Why Guitarists Who Progress 'Too Fast' Often Don't Become Great Players
by Tom Hess
You think that to become a great guitar player in the least amount of time you must make progress as fast as possible, right? Wrong! There is a BIG difference between making ‘the fastest possible’ progress in your guitar playing, and reaching ALL of your guitar playing goals ‘in the least amount of time’. Very often guitarists sabotage their own long-term guitar playing growth by progressing ‘too fast’ in some areas while not progressing enough (or at all) in other areas. How can this happen? Imagine driving a car to your destination and traveling at such a high speed that you get into a crash because you lost all ability to control the car and maneuver around obstacles. The key word in the previous sentence is ‘control’, and it applies directly to your guitar playing progress. Unless your progress is managed, carefully controlled and perfectly optimized, you risk ‘crashing’ your guitar playing into a wall of frustration and never learning how to reach your long term musical goals.
Why Unrestrained Progress Can Be Dangerous For Your Guitar Playing:
Making too much progress (too fast) in some musical areas at the expense of other skills makes your guitar playing unbalanced. I can’t tell you how many guitarists I’ve seen put all of their time into learning to play fast guitar licks, arpeggios and scales but lack the ability to make them sound ‘musical’ or self-expressive. This happens because your guitar speed and technique developed faster than your ability to think as fast as you can play and because the skills needed to ‘apply’ the speed in musical ways (such as phrasing, ear training and music theory knowledge, to name a few) were never mastered. The skills that develop disproportionately fast in relation to the rest of your guitar playing can never be applied fully, since your weaker areas hold back your ability to use them. This is similar to building a car and spending all your money on buying the best, most powerful engine, while ignoring the fact that the car has a bad steering, worn out breaks, horrible suspension and tires as bald as my head! You will obviously not get the optimum performance from your car’s awesome engine until/unless the other critical parts of your car are improved to make it possible (and safe) to drive the car at top speed.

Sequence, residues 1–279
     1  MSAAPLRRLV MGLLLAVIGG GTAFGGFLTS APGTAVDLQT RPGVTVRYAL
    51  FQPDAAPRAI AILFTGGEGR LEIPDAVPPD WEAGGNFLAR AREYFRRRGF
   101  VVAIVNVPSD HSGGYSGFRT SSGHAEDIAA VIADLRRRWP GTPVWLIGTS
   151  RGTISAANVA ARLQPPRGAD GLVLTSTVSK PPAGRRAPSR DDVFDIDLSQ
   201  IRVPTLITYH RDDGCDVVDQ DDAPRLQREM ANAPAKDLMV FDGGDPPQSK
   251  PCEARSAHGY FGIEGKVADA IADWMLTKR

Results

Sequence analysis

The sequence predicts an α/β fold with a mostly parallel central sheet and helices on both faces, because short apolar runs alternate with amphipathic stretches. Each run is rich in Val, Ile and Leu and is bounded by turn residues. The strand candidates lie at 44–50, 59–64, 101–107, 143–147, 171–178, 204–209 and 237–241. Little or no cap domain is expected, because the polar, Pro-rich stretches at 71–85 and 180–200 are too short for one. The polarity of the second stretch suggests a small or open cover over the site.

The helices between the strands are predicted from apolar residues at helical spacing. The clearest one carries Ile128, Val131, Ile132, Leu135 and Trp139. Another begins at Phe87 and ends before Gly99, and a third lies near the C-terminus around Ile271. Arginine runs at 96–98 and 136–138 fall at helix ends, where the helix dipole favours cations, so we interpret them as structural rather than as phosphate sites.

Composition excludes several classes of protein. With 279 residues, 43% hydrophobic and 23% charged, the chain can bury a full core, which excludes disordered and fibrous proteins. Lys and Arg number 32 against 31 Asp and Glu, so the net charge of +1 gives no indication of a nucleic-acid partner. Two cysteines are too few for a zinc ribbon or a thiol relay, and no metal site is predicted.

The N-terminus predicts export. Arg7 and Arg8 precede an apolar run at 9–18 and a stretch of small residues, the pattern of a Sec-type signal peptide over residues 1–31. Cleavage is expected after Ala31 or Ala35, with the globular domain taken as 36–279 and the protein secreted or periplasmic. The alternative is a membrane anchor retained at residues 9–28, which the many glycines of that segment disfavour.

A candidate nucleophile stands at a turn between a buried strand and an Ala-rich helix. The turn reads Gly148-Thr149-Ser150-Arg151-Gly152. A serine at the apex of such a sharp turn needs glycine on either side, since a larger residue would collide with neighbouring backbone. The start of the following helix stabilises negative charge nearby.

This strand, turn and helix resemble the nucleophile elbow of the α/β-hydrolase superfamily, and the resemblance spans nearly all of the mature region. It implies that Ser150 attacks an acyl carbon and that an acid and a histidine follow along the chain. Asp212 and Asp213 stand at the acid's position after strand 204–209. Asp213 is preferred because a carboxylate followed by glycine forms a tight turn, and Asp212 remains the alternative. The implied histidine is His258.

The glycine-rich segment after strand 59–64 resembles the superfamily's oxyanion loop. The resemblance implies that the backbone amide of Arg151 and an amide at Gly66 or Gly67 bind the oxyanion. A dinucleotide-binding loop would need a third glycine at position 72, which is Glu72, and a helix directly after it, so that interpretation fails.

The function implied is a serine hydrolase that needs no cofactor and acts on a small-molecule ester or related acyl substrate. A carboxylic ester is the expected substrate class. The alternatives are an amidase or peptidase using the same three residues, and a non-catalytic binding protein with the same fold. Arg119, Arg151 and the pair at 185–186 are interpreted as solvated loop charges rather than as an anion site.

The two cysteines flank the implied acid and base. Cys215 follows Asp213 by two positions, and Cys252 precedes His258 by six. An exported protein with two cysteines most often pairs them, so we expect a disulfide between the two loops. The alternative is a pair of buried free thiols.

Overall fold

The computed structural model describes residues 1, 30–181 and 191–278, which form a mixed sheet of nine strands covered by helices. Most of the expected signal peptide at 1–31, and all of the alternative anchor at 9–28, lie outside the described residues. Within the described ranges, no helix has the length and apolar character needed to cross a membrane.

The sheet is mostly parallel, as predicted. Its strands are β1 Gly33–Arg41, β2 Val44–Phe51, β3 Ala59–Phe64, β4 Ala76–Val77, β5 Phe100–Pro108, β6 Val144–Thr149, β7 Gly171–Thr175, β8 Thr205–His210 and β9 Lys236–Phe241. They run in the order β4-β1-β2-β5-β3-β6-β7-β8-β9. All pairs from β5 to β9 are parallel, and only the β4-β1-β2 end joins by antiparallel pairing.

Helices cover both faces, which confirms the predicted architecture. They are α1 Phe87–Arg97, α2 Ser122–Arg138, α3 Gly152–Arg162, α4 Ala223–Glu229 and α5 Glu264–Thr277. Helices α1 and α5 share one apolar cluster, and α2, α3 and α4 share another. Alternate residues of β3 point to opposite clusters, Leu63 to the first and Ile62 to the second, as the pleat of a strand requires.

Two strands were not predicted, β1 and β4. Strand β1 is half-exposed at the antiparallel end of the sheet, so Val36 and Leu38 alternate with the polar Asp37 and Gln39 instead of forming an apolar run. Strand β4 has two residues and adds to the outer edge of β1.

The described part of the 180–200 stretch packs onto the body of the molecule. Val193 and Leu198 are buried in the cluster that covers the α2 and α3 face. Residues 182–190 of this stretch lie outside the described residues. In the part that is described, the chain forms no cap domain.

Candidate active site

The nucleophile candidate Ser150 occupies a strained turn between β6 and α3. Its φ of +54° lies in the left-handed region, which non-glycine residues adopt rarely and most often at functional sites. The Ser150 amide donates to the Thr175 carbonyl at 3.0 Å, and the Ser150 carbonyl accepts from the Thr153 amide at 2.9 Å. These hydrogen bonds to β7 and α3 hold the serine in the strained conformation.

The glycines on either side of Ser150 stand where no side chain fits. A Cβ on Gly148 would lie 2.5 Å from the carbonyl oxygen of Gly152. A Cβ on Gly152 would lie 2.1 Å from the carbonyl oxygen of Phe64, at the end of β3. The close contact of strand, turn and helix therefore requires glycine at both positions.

There are 2 reasons why such unrestrained progress occurs in many guitar players:
Reason 1. Guitarists make an incorrect assumption that they must learn and master certain skills before beginning to practice other skills. Therefore, they intentionally put all of their practice time into those areas, tipping their guitar playing out of balance. I have seen this happen hundreds of times with new students who come to me for guitar lessons. Here are 2 extremely common examples of this:
Example 1. Guitarists focus all of their practice time on technique and music theory only, looking to master these skills before starting to apply them to creative areas of improvising and songwriting. These guitarists may develop their skills/knowledge with technique and music theory to a high level, but will still feel like (and be) total beginners when it comes to ‘using’ their skills to do anything creative (such as improvising rock guitar solos). Fact is, improvising has its own set of skills that must be practiced at the same time as you work on your general guitar playing. Few things are more frustrating than having to ‘start over’ after wasting an enormous amount of time developing your skills in an unbalanced way.